Thank you. Mitesh and good morning, everyone. Today we reported a strong operational and financial performance for Q2 '19, despite the significant recent decline in commodity prices. We continue to generate robust free cash flow powered by our differentiated marketing and operating strategy. Our innovative contract and strategy allowed us to improve our revenue per ton compared to the year ago period. Even while spot commodity prices were materially lower.

On the financial front, we continued to rate of return driven and deployed most of our capital toward buying back our debt and equity securities rather than toward any of our other growth initiatives, as we believe those remains the most undervalued avenues per share value. Before I dive into our operating and marketing details, I want to recognize the strong safety performance of our team.

We continue to build on the momentum we generated in the first quarter of '19 and delivered another strong safety performance during 2Q '19. Our central preparation plant and the CONSOL Marine Terminal continued those strong safety performances with an incident-free quarter.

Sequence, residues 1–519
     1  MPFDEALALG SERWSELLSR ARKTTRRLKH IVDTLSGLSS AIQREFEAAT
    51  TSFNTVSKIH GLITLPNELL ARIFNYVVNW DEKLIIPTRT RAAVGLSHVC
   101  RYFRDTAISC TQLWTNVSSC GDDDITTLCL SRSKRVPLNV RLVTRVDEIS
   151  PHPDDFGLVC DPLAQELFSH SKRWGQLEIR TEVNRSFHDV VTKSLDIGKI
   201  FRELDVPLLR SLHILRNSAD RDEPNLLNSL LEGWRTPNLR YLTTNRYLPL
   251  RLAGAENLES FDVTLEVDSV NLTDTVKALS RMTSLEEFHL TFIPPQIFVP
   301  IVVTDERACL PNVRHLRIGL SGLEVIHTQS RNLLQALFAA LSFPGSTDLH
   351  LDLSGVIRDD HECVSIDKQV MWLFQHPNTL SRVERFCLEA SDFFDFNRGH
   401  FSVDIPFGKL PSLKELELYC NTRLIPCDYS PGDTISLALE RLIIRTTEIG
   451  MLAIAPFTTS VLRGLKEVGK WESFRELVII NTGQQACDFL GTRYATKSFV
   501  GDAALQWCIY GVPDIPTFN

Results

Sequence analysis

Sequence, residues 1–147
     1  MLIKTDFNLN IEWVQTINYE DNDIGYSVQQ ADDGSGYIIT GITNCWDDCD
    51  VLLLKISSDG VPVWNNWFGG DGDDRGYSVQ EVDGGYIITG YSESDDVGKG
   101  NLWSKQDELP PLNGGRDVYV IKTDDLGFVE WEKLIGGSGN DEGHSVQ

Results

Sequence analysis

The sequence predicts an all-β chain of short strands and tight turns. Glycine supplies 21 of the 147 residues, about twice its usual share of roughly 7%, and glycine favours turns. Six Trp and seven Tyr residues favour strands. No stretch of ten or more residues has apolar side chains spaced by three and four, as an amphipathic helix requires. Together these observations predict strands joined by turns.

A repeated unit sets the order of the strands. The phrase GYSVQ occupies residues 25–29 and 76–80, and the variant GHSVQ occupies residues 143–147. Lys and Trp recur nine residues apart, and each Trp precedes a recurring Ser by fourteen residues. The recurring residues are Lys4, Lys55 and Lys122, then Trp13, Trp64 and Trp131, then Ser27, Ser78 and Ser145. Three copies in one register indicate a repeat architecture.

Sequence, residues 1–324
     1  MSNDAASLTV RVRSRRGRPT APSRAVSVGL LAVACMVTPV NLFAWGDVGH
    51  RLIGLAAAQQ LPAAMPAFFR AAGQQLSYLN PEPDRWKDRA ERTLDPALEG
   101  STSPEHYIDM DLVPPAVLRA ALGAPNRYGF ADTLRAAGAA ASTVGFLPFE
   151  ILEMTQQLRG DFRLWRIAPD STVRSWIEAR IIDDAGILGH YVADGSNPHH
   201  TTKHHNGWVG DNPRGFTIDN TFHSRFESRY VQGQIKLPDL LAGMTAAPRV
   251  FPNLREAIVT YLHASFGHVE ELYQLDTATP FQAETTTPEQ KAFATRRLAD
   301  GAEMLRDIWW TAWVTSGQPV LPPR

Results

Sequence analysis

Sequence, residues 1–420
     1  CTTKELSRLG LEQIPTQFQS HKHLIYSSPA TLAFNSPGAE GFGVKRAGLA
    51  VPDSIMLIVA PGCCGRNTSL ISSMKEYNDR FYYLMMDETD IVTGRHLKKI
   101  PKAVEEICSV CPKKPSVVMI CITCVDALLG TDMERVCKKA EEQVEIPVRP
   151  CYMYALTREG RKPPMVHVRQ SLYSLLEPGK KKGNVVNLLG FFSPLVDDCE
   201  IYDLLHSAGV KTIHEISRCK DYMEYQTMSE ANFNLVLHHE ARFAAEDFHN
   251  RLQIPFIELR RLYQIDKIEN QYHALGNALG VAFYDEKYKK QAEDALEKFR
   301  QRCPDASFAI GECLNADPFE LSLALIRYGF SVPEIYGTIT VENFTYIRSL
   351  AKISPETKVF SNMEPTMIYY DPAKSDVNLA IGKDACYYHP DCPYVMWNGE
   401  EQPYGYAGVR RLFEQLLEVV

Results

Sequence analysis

At the Pennsylvania Mining Complex, our employee safety performance was three times better than the national industry average, but was also improved by 30% compared to the year ago levels, as measured by the number of reportable incidents.

Now, let me review our 2Q '19 operational performance in detail. First, I will cover the PA mining complex and then the Marine Terminal. I am proud to announce that our Harvey Mine achieved a record high quarterly production of 1.5 million tons during 2Q '19.

At the Pennsylvania mining complex, we produce 7.2 million tons during the second quarter. While this was a 500,000 ton decline compared to the same period a year ago, the decrease was mostly driven by the impact of an additional longwall move and a slower recovery followed the move, which covered more than five times the normal distance as we progressed to new area of the mine.

On the cost front, our average cash cost of coal sold per ton was $31.07 compared to $26.99 in the year ago quarter. This transitional increase in the cash cost of coal sold was primarily driven by additional equipment, rebuilds and longer overhauls due to the timing of longwall moves and panel development. We also saw a slight increase in maintenance and supply cost as a result of a slower start up after the longwall move.